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Monday, December 29, 2003
I saw an article the other day (which I can't find anymore, or I'd link to it) stating that the 2004 economy looks to go gangbusters, so it looks like GWB will be getting his second term. I think the man is OK as a person, but he's a statist like all of his potential Democratic adversaries. Yuck.
Posted by Tom, 12/29/2003 10:44:00 AM (Permalink). 0 Comments. Leave a comment...
Saturday, December 27, 2003
Perhaps it's just personal bias talking, but I have come to believe that one of the truly useful things that government can do is handle weather monitoring, forecasting, and so forth. But even the National Weather Service falls prey to bureacratic apathy, mismanagement of taxpayer funds, and blatant malfeasance.
"I'm from the government. I'm here to help."
Thanks, but I'll be counting my change when we're done.
Posted by Tom, 12/27/2003 10:21:00 PM (Permalink). 0 Comments. Leave a comment...
Wednesday, December 24, 2003
It seems some conservative students decided to call it like they see it, and hold a bake sale with prices based on the race of the customer. White people got charged the most, minorities got charged on a sliding scale. For some reason, this was not as popular as affirmative action, which the bake sale was designed to mirror in policy and intent. I take it the supporters of affirmative action don't want it to be accurately described for or easily understood by the unwashed masses. It's easier to pretend that everyone is being treated "equal", while giving a wink to Orwell's definition of the word.
Posted by Tom, 12/24/2003 1:25:00 PM (Permalink). 0 Comments. Leave a comment...
Friday, December 19, 2003
Lew Rockwell has a great piece at the Mises Institute about the nature of government vs the nature of the market. He makes a plethora of excellent points.
On the limitations of government:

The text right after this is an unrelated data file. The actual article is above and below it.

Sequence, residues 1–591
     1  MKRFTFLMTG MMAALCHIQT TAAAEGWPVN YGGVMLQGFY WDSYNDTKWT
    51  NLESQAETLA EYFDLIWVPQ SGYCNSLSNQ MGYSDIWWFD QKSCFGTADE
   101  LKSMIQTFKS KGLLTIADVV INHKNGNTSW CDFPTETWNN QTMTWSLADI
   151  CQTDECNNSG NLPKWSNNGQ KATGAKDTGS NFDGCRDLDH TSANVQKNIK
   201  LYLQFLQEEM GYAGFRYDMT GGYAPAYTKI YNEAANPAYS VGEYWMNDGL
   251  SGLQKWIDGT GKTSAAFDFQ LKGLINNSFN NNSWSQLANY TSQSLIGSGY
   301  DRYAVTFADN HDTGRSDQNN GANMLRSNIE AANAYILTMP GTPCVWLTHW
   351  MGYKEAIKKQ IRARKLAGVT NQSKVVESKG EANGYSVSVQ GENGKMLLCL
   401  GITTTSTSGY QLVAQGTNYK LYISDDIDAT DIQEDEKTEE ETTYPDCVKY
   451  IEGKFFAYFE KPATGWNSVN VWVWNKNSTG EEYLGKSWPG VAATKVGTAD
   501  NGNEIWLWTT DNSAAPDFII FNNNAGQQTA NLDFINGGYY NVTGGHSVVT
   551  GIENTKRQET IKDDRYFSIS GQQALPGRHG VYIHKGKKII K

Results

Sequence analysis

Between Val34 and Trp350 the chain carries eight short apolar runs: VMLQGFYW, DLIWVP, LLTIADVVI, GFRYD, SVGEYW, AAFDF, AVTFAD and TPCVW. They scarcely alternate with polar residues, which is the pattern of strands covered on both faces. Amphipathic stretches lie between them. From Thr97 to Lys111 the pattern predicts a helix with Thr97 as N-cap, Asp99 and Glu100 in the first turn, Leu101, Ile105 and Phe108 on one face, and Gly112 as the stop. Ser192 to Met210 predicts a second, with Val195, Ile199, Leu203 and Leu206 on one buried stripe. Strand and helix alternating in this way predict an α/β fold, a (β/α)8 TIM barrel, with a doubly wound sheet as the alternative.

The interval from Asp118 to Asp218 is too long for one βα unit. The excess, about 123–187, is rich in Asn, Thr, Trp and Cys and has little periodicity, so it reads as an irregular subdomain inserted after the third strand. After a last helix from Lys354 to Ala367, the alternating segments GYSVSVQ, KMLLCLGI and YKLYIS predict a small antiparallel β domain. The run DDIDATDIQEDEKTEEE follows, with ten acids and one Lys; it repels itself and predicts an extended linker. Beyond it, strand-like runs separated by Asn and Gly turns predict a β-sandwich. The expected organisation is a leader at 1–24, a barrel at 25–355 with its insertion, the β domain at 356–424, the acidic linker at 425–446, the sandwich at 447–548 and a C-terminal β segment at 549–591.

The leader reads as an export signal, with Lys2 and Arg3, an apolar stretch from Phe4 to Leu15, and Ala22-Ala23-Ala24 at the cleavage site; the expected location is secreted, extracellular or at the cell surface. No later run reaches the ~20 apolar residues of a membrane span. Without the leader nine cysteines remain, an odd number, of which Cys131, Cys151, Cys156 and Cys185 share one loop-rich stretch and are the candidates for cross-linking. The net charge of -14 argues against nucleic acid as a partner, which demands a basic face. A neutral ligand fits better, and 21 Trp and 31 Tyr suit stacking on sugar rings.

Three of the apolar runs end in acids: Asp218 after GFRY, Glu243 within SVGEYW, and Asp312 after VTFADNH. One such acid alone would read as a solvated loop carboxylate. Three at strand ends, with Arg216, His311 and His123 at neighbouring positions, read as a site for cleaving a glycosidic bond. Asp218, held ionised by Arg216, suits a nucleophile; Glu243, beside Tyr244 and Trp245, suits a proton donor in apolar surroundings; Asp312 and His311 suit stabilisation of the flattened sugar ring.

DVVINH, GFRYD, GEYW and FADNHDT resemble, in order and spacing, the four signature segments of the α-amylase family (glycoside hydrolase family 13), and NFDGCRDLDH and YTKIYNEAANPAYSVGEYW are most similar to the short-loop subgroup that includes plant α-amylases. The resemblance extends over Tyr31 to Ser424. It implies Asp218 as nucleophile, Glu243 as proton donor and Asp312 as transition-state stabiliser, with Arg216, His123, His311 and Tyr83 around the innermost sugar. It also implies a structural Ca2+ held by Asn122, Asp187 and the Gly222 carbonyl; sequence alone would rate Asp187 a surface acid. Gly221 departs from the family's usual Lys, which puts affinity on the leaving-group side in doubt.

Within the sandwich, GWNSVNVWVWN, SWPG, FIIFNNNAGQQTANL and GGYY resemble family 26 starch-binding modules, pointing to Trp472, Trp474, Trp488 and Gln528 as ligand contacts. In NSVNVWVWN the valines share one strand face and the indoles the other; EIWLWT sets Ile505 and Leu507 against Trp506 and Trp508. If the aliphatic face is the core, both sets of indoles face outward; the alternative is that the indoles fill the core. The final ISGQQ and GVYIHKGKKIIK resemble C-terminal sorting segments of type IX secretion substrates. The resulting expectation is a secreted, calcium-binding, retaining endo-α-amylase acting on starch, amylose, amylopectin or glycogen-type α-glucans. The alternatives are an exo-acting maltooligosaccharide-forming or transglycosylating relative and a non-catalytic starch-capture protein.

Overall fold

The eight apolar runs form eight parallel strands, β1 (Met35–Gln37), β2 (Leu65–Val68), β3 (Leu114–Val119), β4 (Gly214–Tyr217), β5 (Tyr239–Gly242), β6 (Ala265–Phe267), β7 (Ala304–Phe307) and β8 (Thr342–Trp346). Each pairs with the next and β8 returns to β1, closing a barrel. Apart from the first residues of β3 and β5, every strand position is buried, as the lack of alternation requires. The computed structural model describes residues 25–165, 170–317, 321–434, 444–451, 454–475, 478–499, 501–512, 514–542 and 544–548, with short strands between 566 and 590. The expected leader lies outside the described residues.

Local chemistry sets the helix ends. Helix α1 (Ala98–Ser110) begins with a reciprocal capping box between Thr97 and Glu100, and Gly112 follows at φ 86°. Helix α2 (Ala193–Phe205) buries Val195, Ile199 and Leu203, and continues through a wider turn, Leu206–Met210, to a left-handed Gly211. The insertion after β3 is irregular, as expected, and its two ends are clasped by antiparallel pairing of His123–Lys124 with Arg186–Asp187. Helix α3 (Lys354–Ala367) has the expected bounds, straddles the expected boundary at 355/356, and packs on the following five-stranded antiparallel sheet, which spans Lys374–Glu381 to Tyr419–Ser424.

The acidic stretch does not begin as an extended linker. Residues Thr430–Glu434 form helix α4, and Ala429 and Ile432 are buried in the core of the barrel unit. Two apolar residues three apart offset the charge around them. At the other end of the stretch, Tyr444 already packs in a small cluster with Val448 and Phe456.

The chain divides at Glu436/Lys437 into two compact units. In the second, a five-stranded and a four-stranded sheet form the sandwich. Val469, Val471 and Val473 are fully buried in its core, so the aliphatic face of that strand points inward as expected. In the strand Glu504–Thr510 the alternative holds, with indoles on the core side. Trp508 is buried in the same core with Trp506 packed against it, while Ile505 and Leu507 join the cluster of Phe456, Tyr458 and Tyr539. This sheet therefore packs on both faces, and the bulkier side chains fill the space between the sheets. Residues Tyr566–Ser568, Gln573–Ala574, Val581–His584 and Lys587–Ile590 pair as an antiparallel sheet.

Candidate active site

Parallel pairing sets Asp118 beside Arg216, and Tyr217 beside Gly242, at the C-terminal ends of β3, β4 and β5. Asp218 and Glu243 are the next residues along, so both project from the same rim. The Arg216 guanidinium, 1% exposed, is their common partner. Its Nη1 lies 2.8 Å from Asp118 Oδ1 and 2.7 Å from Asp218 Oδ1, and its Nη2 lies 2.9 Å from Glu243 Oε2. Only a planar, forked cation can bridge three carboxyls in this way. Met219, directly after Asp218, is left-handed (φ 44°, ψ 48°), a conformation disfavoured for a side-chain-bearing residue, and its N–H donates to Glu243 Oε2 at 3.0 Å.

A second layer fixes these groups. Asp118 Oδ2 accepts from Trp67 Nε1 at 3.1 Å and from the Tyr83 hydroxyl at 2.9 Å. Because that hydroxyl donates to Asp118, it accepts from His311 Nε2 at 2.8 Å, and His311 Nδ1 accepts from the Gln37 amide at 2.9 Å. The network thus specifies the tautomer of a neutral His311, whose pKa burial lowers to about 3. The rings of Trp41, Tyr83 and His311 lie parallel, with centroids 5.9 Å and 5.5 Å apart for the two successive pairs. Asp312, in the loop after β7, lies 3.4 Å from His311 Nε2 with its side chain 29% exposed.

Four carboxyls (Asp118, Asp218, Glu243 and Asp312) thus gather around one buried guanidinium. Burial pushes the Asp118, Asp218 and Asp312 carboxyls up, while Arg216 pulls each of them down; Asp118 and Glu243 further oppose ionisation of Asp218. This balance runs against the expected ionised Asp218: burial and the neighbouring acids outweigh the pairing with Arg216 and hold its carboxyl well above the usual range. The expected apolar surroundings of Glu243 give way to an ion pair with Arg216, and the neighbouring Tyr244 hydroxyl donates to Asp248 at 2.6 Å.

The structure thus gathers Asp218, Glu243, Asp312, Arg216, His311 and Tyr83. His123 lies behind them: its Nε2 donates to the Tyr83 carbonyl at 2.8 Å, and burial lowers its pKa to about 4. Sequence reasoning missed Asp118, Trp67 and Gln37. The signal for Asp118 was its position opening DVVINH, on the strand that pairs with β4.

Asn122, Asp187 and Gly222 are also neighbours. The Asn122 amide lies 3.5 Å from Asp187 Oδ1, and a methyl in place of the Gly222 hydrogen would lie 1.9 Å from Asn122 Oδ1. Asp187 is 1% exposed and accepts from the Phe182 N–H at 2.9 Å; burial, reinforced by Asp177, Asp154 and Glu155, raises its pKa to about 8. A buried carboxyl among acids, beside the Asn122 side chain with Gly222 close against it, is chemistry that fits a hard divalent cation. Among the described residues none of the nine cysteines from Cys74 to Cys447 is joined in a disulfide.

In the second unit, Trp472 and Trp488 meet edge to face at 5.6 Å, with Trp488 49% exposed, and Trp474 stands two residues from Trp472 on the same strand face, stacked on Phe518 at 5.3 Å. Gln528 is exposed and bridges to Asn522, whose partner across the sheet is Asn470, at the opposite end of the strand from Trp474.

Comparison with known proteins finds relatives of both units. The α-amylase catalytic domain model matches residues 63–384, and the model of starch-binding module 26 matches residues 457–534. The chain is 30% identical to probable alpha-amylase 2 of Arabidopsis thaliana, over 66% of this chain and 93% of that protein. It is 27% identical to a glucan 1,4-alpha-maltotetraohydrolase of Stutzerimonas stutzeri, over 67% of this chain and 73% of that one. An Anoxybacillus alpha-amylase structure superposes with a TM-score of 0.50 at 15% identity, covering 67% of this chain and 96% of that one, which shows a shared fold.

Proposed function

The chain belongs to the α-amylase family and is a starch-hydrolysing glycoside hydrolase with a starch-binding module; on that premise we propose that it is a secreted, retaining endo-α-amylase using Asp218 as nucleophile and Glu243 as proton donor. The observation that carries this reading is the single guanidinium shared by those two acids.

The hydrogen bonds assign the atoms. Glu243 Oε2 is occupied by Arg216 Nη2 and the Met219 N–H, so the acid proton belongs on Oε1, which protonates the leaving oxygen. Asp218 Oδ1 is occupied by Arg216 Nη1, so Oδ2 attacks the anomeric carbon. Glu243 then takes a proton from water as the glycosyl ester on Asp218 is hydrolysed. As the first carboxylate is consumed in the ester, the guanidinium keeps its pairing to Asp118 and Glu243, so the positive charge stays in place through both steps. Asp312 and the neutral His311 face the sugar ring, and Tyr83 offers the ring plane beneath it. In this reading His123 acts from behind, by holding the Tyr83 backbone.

It comes down to this: statesmen and public officials, no matter how powerful they may be, cannot finally control social outcomes.
If I might offer a summary of a point emphasized in all of Mises's works: the structure of society and world affairs generally is shaped by human actions, stemming from imaginative human minds working out individual subjective valuations, and their interactions with the material world, which is governed by laws that are beyond human control.
Human society is governed by economic law. Government attempts to subvert, suppress, and ignore this law, but only succeeds in delaying the inevitable while making conditions worse in the meantime.
Socialism was really nothing other than an intellectual game. People from the ancient world to the present conjured up some vision of how they would like the world to work and then advocated a series of measures of how to achieve it. Mises and his generation explained that their vision was fundamentally at odds with reality. In the real world, capital must have price rooted in exchange of private property in order for it to be employed in its highest-valued capacity. It solves nothing to say that everyone should own capital collectively. This was the equivalent of pointing out that the Emperor was wearing no clothes.
It is impossible to avoid the basic economic law pointed out by Rand: You cannot eat your cake and have it too. You cannot spend your capital and maintain it at the same time. You cannot give your capital to others and still have it. You cannot take capital from others by force and simultaneously enrich them by the act of taking.
Consider the success of Wal-Mart. If government had set out to create a volume discounter that made a world of material goods and groceries available to the multitude in all countries, it might have tried for a thousand years and not created anything resembling this company. Even the military has relented and now routinely points its employees not to its on-base stores but to Wal-Mart, Office Depot, and others for the best prices.
There's more where that came from, but you get the idea. Go read it.
Posted by Tom, 12/19/2003 6:38:00 PM (Permalink). 0 Comments. Leave a comment...
Thursday, December 18, 2003
RealNetworks is suing Microsoft, alleging they can't compete because Microsoft is supposedly "monopolistic" or some such crap.
RealNetworks Inc. said Microsoft illegally tied its Windows Media Player software with copies of the ubiquitous Windows operating system, whether Windows users want Microsoft's player or not.
That, the lawsuit said, makes it harder for RealNetworks's own Real One software to compete, "resulting in substantial lost revenue and business for RealNetworks."
No, the reason that RealNetworks is having problems competing is because their software sucks. Windows Media Player and Apple's Quicktime are far superior products offering better network performance, cleaner video, and better sound. RealNetworks is just trying to cover for the fact that they desperately need to fire all of their engineers and go back to the drawing board. Try using some of those legal fees to fix your crappy software, you twits!
Quicktime doesn't seem to be having any trouble getting Windows interfaces, and I note that RN isn't suing Apple for bundling QT with OS X. Whiners.
Posted by Tom, 12/18/2003 8:24:00 PM (Permalink). 0 Comments. Leave a comment...